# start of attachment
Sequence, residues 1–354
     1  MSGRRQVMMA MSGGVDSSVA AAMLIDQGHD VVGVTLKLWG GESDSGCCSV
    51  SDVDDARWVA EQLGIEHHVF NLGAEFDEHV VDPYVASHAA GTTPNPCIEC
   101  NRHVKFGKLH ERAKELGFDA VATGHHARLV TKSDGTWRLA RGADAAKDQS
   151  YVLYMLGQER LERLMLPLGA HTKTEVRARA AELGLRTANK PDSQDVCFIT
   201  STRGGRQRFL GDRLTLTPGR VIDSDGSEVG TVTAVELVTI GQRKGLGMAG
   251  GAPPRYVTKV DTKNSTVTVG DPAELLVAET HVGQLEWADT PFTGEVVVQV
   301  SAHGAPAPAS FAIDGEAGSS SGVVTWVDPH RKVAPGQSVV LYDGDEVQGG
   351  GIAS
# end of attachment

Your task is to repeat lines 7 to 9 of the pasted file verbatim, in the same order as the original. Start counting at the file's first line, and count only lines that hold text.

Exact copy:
   251  GAPPRYVTKV DTKNSTVTVG DPAELLVAET HVGQLEWADT PFTGEVVVQV
   301  SAHGAPAPAS FAIDGEAGSS SGVVTWVDPH RKVAPGQSVV LYDGDEVQGG
   351  GIAS